In a recent publication, I argued that there is a conceptual difference between artificial womb (AW) technology, capable of facilitating gestation ex utero, and neonatal intensive care, providing incubation to neonates born prematurely. One of the reasons I provided for this distinction was that the subjects of each process are different entities. The subject of the process of gestation ex utero is a unique human entity: a ‘gestateling’, rather than a fetus or a newborn preterm neonate. Nick Colgrove wrote a response to my paper, claiming that my distinction between the subject of an AW and a newborn (in intensive care) was false. He claims that I have not accounted for the proper definition of ‘birth’ and that gestatelings are not a distinct product of human reproduction. Further, Colgrove posits that even if I can successfully distinguish gestatelings from preterms, such a distinction is morally irrelevant because the entities would have the same moral status. In this paper, I address the three challenges raised and defend the claim that gestatelings are unique entities. Moreover, I argue that moral status should not be considered ipso facto determinative in the debate about AWs.

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Ethical dangers of facial phenotyping through photography in psychiatric genomics studies

Fri, 2019-10-25 14:52

Psychiatric genomics research protocols are increasingly incorporating tools of deep phenotyping to observe and examine phenotypic abnormalities among individuals with neurodevelopmental disorders. In particular, photography and the use of two-dimensional and three-dimensional facial analysis is thought to shed further light on the phenotypic expression of the genes underlying neurodevelopmental disorders, as well as provide potential diagnostic tools for clinicians. In this paper, I argue that the research use of photography to aid facial phenotyping raises deeply fraught issues from an ethical point of view. First, the process of objectification through photographic imagery and facial analysis could potentially worsen the stigmatisation of persons with neurodevelopmental disorders. Second, the use of photography for facial phenotyping has worrying parallels with the historical misuse of photography to advance positive and negative eugenics around race, ethnicity and intellectual disability. The paper recommends ethical caution in the use of photography and facial phenotyping in psychiatric genomics studies exploring neurodevelopmental disorders, outlining certain necessary safeguards, such as a critical awareness of the history of anthropometric photography use among scientists, as well as the exploration of photographic methodologies that could potentially empower individuals with disabilities.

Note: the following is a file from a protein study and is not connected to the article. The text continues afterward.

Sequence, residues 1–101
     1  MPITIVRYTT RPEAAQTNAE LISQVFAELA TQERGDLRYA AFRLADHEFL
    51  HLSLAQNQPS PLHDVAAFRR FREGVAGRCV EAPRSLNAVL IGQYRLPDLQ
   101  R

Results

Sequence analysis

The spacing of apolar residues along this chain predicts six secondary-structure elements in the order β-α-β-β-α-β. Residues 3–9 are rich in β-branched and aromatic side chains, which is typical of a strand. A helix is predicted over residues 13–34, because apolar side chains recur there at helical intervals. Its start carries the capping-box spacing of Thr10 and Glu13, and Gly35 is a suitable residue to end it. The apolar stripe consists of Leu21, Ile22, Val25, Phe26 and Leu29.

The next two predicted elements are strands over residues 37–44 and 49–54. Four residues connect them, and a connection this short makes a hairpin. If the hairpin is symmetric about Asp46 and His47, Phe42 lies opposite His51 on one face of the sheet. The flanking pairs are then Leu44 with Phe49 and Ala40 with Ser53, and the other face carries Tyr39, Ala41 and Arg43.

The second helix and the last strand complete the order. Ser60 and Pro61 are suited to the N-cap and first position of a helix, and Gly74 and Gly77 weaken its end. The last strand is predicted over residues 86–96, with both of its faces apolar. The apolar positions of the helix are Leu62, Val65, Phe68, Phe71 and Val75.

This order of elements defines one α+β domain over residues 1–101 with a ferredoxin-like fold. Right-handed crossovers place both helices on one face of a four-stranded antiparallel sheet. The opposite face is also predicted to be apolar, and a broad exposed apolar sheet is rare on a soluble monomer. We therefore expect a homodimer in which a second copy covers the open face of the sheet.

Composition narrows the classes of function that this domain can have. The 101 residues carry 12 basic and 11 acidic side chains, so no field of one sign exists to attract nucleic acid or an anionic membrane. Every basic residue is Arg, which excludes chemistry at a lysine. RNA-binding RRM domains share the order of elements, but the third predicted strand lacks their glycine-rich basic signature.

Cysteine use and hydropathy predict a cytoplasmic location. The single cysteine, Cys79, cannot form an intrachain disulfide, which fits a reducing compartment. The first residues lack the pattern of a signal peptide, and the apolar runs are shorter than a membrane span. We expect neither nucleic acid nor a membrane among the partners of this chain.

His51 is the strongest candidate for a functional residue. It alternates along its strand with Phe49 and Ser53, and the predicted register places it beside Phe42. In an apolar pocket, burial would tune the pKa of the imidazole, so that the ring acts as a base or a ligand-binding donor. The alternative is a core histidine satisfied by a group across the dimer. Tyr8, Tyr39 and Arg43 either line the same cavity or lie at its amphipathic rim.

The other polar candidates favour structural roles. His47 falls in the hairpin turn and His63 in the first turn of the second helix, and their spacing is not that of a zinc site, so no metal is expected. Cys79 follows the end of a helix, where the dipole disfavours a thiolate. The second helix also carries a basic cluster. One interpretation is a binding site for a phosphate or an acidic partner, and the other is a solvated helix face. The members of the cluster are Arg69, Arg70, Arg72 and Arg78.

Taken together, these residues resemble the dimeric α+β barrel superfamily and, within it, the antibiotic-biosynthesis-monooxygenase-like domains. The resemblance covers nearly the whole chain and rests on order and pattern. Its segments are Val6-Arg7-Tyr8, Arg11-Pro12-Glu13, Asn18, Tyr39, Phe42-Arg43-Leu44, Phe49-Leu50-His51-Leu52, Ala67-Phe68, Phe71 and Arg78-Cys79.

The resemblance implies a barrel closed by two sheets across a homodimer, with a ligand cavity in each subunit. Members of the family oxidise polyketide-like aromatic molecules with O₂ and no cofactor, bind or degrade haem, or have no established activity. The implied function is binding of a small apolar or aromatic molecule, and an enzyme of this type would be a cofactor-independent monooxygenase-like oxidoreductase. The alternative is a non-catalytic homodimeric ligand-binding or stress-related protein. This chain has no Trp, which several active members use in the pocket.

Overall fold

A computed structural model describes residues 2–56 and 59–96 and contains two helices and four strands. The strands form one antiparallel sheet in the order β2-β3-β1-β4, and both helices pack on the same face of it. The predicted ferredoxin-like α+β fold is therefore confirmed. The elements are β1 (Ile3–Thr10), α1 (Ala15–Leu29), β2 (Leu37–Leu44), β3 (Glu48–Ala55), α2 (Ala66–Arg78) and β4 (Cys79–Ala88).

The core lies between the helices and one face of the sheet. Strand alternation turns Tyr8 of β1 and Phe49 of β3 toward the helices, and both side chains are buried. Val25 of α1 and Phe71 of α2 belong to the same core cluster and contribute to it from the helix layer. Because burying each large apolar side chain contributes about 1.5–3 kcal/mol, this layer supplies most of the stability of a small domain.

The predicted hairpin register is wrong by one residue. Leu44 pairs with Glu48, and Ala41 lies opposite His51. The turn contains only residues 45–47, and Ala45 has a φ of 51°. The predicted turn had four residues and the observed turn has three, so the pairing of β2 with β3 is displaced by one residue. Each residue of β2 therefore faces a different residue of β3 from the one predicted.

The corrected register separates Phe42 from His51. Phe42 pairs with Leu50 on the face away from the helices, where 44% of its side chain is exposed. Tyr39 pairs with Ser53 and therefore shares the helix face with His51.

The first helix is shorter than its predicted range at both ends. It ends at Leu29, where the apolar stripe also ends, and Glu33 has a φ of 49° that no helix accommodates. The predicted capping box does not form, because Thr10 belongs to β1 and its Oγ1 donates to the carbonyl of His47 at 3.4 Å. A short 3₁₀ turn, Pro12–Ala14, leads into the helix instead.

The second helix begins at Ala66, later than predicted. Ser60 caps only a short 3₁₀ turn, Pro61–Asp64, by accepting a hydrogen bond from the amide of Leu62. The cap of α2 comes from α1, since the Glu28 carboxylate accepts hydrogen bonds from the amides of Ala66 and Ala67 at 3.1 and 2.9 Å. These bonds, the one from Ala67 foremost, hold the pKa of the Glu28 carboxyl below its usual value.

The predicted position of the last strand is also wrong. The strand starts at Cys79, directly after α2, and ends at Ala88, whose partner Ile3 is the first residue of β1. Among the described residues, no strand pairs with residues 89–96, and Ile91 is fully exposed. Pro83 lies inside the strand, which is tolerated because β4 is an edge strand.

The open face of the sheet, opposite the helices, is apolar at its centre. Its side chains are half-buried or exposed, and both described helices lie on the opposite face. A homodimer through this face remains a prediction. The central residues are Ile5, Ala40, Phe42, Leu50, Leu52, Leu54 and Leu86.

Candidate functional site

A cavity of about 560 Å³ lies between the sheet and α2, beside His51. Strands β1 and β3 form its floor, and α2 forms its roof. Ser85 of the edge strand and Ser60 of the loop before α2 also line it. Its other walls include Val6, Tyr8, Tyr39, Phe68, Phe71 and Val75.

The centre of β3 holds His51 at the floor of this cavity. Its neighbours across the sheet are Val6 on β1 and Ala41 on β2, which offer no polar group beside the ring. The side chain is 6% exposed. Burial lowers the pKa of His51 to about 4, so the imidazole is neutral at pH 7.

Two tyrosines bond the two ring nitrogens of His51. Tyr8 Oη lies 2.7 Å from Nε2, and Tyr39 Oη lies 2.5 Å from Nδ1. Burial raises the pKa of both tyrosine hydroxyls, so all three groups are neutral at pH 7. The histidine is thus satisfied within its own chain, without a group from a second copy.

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What constitutes a reasonable compensation for non-commercial oocyte donors: an analogy with living organ donation and medical research participation

Fri, 2019-10-25 14:52